Setting the tone for his remarks with an observation that while compliance is an important part of financial reporting, accounting is at its core a communication activity, SEC acting Chief Accountant Paul Munter remarked on information investors and other stakeholders have requested or questioned, including:

  • Disaggregation of financial information (for example, income statement, tax disclosures)
  • Segments, including whether segments are appropriately aggregated
  • Improved cash flow information (for example, direct method)

Munter observed that while the Financial Accounting Standards Board is considering many of these requests in some fashion in its current standard-setting agenda, there is nothing that prevents SEC registrants from providing additional disaggregated disclosures or a direct method cash flow statement in their current filings if registrants believe such information is more useful to investors.

Munter also remarked on the staff’s work on crypto assets, including Staff Accounting Bulletin 121 on the accounting for obligations to safeguard crypto assets and recent crypto asset consultations. Munter concluded his remarks with observations on the potential for fraud. In light of the risks and uncertainties in the current economic environment, preparers should carefully prepare well-thought-out judgments and estimates. Trust in financial reporting requires the involvement of all stakeholders, and Munter pointed out that the International Organization of Securities Commissions’ recent release “IOSCO Statement on Financial Reporting and Disclosure During Economic Uncertainty” includes useful perspectives as it “reminds issuers, external auditors[,] and audit committees [or those charged with governance] of the important role each plays in providing investors with high-quality, reliable, timely, and transparent financial information, especially in times of heightened uncertainty.”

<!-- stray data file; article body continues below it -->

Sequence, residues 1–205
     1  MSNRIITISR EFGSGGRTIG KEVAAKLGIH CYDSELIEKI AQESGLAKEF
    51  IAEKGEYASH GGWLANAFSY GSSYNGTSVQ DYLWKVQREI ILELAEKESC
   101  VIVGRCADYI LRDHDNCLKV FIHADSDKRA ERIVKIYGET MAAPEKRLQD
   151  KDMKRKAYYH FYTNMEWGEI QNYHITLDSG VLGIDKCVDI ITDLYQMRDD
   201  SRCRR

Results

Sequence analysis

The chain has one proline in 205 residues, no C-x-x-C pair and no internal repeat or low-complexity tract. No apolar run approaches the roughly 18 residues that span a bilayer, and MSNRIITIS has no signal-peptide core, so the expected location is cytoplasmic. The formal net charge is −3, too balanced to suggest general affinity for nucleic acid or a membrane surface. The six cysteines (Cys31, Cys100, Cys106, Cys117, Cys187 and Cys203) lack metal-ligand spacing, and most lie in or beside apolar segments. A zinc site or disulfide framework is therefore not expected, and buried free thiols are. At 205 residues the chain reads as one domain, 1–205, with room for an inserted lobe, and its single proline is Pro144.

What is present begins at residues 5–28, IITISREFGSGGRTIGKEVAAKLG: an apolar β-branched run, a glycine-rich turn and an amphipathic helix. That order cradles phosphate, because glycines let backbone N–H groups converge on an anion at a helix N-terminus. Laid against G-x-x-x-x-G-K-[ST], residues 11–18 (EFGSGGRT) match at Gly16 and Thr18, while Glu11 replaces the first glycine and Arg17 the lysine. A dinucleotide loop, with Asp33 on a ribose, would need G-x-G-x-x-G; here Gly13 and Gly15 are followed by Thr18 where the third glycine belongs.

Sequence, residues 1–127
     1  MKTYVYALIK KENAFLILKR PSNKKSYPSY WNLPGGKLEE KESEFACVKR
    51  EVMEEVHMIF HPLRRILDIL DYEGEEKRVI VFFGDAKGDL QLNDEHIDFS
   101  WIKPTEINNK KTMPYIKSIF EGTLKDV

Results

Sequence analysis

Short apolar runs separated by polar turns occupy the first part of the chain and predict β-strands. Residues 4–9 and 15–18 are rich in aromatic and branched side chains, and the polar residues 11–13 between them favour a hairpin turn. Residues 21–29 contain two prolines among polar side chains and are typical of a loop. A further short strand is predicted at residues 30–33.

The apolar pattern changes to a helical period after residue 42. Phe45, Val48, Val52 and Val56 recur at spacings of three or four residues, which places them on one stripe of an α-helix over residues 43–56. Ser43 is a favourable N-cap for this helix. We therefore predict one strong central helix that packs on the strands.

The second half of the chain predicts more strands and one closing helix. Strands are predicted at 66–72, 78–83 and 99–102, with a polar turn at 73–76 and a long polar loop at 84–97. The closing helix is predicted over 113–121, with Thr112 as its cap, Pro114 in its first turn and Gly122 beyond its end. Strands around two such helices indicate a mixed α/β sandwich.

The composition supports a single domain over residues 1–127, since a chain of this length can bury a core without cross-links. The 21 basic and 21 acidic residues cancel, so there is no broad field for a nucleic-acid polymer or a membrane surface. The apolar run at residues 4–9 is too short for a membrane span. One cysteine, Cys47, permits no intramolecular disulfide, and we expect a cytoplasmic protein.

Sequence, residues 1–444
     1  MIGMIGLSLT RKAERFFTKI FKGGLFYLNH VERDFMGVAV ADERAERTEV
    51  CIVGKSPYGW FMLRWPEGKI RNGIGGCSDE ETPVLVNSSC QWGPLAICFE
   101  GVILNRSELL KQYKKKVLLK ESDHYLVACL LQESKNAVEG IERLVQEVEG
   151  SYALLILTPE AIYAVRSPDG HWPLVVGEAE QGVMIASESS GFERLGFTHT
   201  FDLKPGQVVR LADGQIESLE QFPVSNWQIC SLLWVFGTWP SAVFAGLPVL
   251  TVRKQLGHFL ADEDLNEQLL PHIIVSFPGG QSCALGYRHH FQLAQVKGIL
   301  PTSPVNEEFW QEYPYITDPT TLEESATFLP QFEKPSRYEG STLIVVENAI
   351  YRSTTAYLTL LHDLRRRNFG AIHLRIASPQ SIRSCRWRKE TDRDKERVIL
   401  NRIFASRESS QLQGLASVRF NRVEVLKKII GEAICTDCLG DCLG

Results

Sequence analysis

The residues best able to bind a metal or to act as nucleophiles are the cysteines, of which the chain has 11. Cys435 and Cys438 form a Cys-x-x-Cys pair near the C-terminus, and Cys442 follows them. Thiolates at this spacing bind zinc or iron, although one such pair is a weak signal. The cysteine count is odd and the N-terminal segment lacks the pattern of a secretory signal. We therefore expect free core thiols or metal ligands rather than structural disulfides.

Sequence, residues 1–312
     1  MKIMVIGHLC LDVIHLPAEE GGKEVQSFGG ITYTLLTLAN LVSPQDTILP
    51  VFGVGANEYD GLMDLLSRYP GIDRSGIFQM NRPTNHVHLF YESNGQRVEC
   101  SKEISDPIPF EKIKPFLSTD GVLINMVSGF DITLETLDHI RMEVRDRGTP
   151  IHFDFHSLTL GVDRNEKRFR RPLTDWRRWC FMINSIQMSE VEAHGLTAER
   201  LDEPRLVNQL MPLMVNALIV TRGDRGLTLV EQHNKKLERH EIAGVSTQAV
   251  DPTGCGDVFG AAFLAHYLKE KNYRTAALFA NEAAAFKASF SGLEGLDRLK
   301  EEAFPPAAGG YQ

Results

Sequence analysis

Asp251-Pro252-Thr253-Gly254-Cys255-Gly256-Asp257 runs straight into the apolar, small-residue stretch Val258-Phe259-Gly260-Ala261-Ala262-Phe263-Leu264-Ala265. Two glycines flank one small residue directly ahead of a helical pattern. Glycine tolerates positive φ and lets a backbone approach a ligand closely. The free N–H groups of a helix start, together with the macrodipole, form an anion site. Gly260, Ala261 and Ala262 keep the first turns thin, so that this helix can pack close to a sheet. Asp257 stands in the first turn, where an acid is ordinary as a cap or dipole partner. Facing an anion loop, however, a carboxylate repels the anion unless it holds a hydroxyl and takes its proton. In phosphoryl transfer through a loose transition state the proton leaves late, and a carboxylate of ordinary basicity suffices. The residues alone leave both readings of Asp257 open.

OCA staff presents at conference

Office of the Chief Accountant (OCA) staff members Anita Doutt, senior associate chief accountant; Nigel James, senior associate chief accountant; Shehzad (“Shaz”) Niazi, deputy chief counsel; Diana Stoltzfus, deputy chief accountant; and Jonathan Wiggins, senior associate chief accountant covered various topics the staff has addressed in the past year, including:

  • Consultation themes such as business combinations, consolidation, digital assets, segment reporting, and revenue recognition
  • Crypto asset accounting and auditing complexities
  • Global climate proposals and related interaction with SEC rulemaking efforts
  • Independence matters
  • International activities, including monitoring of international standard-setting bodies
  • Stakeholder engagement

As a reminder of the emerging significance of global climate proposals, the OCA staff panel discussion closed with that topic, highlighting the possibility of a company having to comply with both SEC and international standards for entities operating in foreign jurisdictions.

Corp Fin presents at conference

SEC Division of Corporation Finance (Corp Fin) staff members Cicely Lamothe, acting deputy director of disclosure operations; Lindsay McCord, chief accountant; Craig Olinger, senior adviser to the chief accountant; and Melissa Rocha, deputy chief accountant, provided an overview of Corp Fin’s recent activities that affect 2022 year-end accounting and financial reporting. Topics included:

  • Consideration of the disclosure impact of current events (for example, inflation, interest rates, supply chain issues, geopolitical events), including whether:
    • The registrant should provide the schedule of valuation and qualifying accounts under Rule 12-09 of Regulation S-X in its Form 10-K
    • Current events are characterized as having a current impact versus being described as a hypothetical future event